Like Tree2Likes

std::thread leads to Abort

This is a discussion on std::thread leads to Abort within the C++ Programming forums, part of the General Programming Boards category; Incidentally, your approach makes the prime function a bottleneck. You might be able to remove that by removing the global ...

  1. #46
    C++まいる!Cをこわせ! Elysia's Avatar
    Join Date
    Oct 2007
    Posts
    22,450
    Incidentally, your approach makes the prime function a bottleneck. You might be able to remove that by removing the global lock when finding new primes.
    Just make sure to lock before each read and write and use indices instead of iterators.

    Also, you may wish to get rid of your dependency on mpz_class. I don't see what it brings, and it means downloading yet another library and configure and set up for those that don't have it.
    Might improve chances of getting an answer.
    Last edited by Elysia; 06-07-2011 at 01:37 PM.
    Quote Originally Posted by Adak View Post
    io.h certainly IS included in some modern compilers. It is no longer part of the standard for C, but it is nevertheless, included in the very latest Pelles C versions.
    Quote Originally Posted by Salem View Post
    You mean it's included as a crutch to help ancient programmers limp along without them having to relearn too much.

    Outside of your DOS world, your header file is meaningless.

  2. #47
    Password:
    Join Date
    Dec 2009
    Location
    NC
    Posts
    587
    Quote Originally Posted by Elysia View Post
    Incidentally, your approach makes the prime function a bottleneck. You might be able to remove that by removing the global lock when finding new primes.
    Just make sure to lock before each read and write and use indices instead of iterators.
    There are lots of reasons not to do that. If I allow more than 1 thread in the function at the same time, I can no longer assume the list of primes contains all primes from 2 to primes.back(). I follows that I can no longer assume I have the primes necessary to check if a given number is prime without resorting to brute force.

    Instead, if I implement a unique_lock, I can allow other threads that are waiting to generate primes to check if the thread currently generating them has coincidentally generated them up to the point the point they need, thereby allowing the waiting threads to return without generating any primes themselves. In other words, I'm allowing 1 thread, the thread that first gets the mutex, to generate primes for all that are waiting on it.

  3. #48
    C++まいる!Cをこわせ! Elysia's Avatar
    Join Date
    Oct 2007
    Posts
    22,450
    The way you've done it, as far as I am aware... is that you're basically only allowing one thread into the generate primes function. And since you're using a global lock in there, every other thread that has need of that prime list has to wait, even if the primes it needs are finished. That would hurt performance. Am I right in that assumption?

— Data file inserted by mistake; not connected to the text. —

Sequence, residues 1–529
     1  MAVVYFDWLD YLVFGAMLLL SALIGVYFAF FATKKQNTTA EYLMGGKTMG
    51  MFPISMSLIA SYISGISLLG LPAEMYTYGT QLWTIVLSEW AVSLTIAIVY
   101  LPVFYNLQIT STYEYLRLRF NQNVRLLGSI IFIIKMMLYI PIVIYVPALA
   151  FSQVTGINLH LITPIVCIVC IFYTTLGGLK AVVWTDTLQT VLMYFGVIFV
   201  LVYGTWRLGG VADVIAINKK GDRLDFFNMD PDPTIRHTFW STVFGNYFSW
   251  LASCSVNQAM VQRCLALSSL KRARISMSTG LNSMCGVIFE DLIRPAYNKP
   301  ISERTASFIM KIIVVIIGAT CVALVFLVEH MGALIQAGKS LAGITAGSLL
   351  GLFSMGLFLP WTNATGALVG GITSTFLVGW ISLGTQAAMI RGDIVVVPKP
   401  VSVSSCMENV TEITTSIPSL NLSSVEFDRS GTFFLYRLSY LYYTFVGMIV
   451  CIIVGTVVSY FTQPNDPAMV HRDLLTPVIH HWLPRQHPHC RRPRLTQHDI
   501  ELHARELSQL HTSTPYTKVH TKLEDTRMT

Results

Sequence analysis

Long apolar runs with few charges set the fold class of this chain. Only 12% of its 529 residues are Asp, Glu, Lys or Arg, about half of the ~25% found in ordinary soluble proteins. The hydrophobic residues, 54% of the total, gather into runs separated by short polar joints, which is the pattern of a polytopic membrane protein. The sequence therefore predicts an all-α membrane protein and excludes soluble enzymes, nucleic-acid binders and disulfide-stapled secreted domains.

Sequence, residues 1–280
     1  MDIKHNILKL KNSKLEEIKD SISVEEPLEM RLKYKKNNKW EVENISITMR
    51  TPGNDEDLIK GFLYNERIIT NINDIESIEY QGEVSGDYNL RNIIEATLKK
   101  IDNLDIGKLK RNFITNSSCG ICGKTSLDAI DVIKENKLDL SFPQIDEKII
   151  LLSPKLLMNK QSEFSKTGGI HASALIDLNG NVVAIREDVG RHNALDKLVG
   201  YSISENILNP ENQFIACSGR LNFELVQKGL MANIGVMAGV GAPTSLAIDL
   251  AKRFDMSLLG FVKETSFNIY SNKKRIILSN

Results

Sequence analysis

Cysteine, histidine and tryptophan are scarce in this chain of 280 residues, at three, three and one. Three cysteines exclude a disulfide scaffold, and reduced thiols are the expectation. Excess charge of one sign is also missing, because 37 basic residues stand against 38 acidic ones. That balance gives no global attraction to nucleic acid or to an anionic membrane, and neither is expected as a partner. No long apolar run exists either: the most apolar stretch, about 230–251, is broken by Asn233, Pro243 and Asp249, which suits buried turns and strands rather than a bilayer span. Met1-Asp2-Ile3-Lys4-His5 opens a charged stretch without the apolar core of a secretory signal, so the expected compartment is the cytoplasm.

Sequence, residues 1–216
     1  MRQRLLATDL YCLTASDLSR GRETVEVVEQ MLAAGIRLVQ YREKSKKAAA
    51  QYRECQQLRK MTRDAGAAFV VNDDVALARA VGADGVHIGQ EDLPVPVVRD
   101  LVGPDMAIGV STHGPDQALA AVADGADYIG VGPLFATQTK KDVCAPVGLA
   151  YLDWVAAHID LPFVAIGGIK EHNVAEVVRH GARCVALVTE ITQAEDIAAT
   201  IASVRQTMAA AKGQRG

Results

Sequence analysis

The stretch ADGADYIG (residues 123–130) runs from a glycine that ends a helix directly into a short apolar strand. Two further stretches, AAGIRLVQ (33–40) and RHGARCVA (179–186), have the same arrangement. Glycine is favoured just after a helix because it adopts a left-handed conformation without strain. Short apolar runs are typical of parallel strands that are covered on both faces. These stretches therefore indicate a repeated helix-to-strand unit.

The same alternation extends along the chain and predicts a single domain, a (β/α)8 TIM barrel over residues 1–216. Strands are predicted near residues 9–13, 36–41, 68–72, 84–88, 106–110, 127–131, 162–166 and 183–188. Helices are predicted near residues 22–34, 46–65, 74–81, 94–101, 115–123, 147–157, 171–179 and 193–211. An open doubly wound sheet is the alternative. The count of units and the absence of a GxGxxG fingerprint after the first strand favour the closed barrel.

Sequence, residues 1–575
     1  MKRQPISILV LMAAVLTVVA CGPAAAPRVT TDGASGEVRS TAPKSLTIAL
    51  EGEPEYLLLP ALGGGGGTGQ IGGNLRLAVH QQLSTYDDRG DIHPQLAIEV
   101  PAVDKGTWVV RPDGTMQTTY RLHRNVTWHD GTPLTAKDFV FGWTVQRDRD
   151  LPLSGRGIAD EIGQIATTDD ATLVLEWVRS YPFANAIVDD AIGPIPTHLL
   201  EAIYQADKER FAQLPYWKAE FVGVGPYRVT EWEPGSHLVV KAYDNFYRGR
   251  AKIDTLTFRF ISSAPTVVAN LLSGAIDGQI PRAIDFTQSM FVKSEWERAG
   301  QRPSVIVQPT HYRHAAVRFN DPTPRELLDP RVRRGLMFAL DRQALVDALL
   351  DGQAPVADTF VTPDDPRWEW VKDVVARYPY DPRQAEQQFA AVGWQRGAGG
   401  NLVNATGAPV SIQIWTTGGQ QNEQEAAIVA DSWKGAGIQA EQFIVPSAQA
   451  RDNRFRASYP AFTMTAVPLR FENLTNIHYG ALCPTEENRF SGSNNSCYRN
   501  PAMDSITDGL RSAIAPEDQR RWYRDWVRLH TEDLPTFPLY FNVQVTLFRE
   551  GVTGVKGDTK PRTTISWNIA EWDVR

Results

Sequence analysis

Instead, if one thread needs more primes, it could start finding more primes, locking as it writes to the list.
    Other threads could check if the primes they need are already found (locking as they check) and if they are, simply lock, read the primes out then unlock and continue as usual.
    This way they don't have to wait until the thread that needs more primes unblocks.
    Quote Originally Posted by Adak View Post
    io.h certainly IS included in some modern compilers. It is no longer part of the standard for C, but it is nevertheless, included in the very latest Pelles C versions.
    Quote Originally Posted by Salem View Post
    You mean it's included as a crutch to help ancient programmers limp along without them having to relearn too much.

    Outside of your DOS world, your header file is meaningless.

  4. #49
    Password:
    Join Date
    Dec 2009
    Location
    NC
    Posts
    587
    Quote Originally Posted by Elysia View Post
    The way you've done it, as far as I am aware... is that you're basically only allowing one thread into the generate primes function. And since you're using a global lock in there, every other thread that has need of that prime list has to wait, even if the primes it needs are finished. That would hurt performance. Am I right in that assumption?
    Yes, but this is a conceptual prototype. Once I get the multiple threads actually running (see post with link to thread, above) I'm going to implement a lock that allows each thread to check if the primes it needs are generated.

    Quote Originally Posted by Elysia View Post
    Instead, if one thread needs more primes, it could start finding more primes, locking as it writes to the list.
    Other threads could check if the primes they need are already found (locking as they check) and if they are, simply lock, read the primes out then unlock and continue as usual.
    This way they don't have to wait until the thread that needs more primes unblocks.
    This is effectively what I said in my last post, the only difference is that I'm planning on using a unique_lock to implement it.

Page 4 of 4 FirstFirst 1234
Popular pages Recent additions subscribe to a feed

Similar Threads

  1. Weird typo leads to interesting result... what does it mean?
    By pollypocket4eva in forum C++ Programming
    Replies: 4
    Last Post: 06-17-2010, 03:30 AM
  2. abort() causes a segfault
    By JFonseka in forum C Programming
    Replies: 12
    Last Post: 04-16-2008, 01:40 AM
  3. abort()
    By swgh in forum C++ Programming
    Replies: 5
    Last Post: 02-22-2008, 03:11 AM
  4. Abort Procedure
    By incognito in forum Windows Programming
    Replies: 5
    Last Post: 01-02-2004, 08:49 PM
  5. Western society leads to unsatisfaction
    By Zewu in forum A Brief History of Cprogramming.com
    Replies: 20
    Last Post: 08-06-2003, 03:45 PM

1 2 3 4 5 6 7 8 9 10 11 12 13 14 15 16 17 18 19 20 21